Another compromise plan falls flat
by Tim WestbyIn Utah Gov. Mike Leavitt's State of the State address in January, the two-term Republican announced what he called an "unprecedented opportunity."
The opportunity was a huge land swap of state and federal lands in the western part of the state - a deal that Leavitt said was the first step in resolving Utah's long-running wilderness battle.
The proposal, said Leavitt, was "the first time a governor, Interior secretary and congressional delegation have been this close to agreement. This is the moment."
The state had agreed to give the Bureau of Land Management about 118,000 acres of land stuck in the middle of wilderness study areas. The BLM would give Utah 127,000 ripe-for-development acres near small West Desert towns in need of an economic boost. Leavitt and Interior Secretary Bruce Babbitt hoped that county officials would then throw their support behind a wilderness bill for the West Desert.
The deal flopped. County commissioners called the exchange a double-edged sword and balked at its ties to wilderness. Environmental groups, such as the Southern Utah Wilderness Alliance, said the West Desert wilderness bill protected too little.
The outcry from both sides killed the bill, and Leavitt is now trying to salvage the land exchange. On May 4, he announced a scaled-down trade of 175 parcels of state school-trust land - 105,000 acres - for 107,000 acres of BLM land.
"The issues around getting wilderness are big, complex and take a lot of time. (The exchange) is still worth doing, even if the wilderness bill never moves," says Brad Barber, a Leavitt aide.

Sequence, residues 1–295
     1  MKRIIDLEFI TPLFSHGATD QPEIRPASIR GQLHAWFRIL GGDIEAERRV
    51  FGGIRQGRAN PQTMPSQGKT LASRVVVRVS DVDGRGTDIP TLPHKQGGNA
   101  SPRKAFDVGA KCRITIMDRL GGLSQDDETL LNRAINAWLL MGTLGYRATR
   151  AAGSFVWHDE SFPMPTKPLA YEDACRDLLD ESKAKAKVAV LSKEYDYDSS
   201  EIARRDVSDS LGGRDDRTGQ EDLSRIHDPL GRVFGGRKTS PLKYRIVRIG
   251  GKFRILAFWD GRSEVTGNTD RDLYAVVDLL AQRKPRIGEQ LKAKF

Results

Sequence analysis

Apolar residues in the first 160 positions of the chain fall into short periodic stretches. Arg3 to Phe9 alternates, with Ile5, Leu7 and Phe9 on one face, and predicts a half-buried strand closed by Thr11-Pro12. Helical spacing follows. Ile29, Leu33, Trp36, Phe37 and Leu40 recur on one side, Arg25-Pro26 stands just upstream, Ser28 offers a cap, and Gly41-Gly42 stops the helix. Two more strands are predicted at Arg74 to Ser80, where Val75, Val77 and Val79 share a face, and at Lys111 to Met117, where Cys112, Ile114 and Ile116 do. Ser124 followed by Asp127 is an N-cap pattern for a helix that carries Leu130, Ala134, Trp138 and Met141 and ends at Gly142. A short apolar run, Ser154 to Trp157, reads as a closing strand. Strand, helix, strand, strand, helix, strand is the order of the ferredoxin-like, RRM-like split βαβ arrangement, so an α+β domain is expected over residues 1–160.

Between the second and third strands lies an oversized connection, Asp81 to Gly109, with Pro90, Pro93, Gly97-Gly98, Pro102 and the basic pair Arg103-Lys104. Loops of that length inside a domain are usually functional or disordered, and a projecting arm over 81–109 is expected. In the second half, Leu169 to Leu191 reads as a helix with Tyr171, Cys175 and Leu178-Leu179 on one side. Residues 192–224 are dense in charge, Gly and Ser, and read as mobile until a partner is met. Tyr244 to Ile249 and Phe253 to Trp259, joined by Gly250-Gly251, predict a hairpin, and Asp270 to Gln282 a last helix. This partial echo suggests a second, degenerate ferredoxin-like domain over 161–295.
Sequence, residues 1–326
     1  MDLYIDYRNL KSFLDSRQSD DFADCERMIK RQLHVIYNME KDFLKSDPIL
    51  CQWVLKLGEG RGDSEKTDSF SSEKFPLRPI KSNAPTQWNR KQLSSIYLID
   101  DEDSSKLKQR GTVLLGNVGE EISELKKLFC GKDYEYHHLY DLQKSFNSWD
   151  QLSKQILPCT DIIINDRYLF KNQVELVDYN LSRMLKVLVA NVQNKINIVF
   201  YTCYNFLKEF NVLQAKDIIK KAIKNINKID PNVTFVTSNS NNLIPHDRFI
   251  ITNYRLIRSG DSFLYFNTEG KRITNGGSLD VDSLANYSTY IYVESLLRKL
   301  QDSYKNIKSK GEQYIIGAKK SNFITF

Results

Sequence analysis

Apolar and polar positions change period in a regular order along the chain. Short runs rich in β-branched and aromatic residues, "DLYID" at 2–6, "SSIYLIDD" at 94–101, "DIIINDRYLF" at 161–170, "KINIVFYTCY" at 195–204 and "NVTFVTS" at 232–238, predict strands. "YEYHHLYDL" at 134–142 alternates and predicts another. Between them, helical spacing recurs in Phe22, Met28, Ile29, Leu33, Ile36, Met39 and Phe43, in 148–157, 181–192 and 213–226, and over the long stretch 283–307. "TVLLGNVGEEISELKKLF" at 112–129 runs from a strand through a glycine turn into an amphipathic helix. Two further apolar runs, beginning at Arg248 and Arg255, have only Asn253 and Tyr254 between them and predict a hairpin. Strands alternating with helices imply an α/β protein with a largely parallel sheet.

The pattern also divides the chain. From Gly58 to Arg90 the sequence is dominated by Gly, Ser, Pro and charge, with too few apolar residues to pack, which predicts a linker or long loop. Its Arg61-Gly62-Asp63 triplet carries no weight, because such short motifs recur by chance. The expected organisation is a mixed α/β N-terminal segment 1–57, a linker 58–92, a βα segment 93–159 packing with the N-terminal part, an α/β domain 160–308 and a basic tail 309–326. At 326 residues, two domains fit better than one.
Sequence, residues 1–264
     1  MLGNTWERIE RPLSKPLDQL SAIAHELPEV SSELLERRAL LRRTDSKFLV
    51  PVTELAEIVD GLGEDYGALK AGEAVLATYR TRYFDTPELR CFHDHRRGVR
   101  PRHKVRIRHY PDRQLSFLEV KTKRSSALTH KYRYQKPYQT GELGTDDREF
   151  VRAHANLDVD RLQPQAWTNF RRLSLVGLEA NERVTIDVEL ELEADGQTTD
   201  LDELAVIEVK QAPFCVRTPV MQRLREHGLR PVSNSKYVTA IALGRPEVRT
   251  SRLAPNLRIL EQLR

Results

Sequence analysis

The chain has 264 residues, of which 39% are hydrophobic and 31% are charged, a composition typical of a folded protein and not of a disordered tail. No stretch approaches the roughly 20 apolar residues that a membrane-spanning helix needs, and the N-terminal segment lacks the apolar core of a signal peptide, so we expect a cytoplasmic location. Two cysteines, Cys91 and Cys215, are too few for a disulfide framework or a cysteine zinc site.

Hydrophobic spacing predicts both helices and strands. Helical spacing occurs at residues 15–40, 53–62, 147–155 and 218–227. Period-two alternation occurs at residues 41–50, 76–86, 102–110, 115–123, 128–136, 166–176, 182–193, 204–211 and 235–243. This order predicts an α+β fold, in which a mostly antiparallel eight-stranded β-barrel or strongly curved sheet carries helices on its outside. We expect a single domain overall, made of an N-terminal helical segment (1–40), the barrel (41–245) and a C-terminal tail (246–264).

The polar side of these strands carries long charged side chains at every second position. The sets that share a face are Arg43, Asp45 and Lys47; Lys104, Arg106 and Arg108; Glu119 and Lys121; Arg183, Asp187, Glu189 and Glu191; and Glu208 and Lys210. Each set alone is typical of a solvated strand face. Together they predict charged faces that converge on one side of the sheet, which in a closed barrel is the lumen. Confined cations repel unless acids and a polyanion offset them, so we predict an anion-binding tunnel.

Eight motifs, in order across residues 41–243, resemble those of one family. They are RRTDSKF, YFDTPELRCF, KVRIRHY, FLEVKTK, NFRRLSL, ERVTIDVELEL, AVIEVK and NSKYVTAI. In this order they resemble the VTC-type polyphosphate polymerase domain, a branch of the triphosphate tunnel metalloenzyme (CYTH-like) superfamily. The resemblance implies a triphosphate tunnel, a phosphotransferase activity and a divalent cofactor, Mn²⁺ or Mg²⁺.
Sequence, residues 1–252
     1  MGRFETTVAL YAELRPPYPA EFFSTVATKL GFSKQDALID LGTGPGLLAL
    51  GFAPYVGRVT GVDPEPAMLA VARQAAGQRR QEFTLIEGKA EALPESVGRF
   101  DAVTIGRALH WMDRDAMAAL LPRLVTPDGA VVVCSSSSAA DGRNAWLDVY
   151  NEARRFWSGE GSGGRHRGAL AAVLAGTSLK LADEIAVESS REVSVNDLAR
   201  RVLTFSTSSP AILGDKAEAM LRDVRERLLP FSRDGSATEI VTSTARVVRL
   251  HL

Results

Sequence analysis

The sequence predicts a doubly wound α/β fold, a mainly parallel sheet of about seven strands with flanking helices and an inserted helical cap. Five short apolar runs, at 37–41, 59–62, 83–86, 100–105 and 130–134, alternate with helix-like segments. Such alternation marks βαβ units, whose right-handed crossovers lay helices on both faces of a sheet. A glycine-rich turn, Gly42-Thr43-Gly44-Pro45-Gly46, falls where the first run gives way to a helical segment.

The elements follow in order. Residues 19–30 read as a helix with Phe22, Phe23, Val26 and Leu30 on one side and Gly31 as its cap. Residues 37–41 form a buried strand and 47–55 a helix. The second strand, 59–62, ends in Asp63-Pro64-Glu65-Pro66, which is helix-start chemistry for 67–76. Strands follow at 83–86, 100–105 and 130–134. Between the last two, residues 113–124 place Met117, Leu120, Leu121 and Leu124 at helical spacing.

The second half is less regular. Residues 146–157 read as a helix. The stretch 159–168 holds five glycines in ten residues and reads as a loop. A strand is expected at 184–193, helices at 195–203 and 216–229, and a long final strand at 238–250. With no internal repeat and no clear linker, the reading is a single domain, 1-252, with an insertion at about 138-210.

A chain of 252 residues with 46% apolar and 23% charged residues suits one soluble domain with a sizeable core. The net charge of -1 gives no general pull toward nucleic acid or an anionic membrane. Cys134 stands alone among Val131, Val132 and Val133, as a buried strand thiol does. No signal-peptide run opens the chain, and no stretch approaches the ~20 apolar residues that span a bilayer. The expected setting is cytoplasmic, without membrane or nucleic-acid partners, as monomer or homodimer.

Good policy dictates getting school-trust lands out of the middle of sensitive lands with wilderness values whenever possible, he says.
Allen Freemyer, aide to Utah Republican Rep. Jim Hansen, says his boss "fully supports' the exchange, although he acknowledges that pushing a bill through Congress with so little time left in the current session will be tough.
If Congress signs off on the swap, Utah schools could see a boost. The lands acquired by the state will become school-trust lands, which are managed to bring in money for public schools. Money from the sale and lease of trust lands goes into a trust fund, which currently stands at about $350 million. Leavitt says he wants the fund to hit $1 billion on his watch.
The Southern Utah Wilderness Alliance thinks the smaller trade is a good thing, says Mike Reberg, the group's communications director. While SUWA did not play a role in deciding which lands would be traded, Reberg says the group generally supports land exchanges - as long as they're not attached to what he calls "piecemeal" wilderness bills.
Says Reberg, "We're glad that the governor is talking about preserving wilderness-quality lands."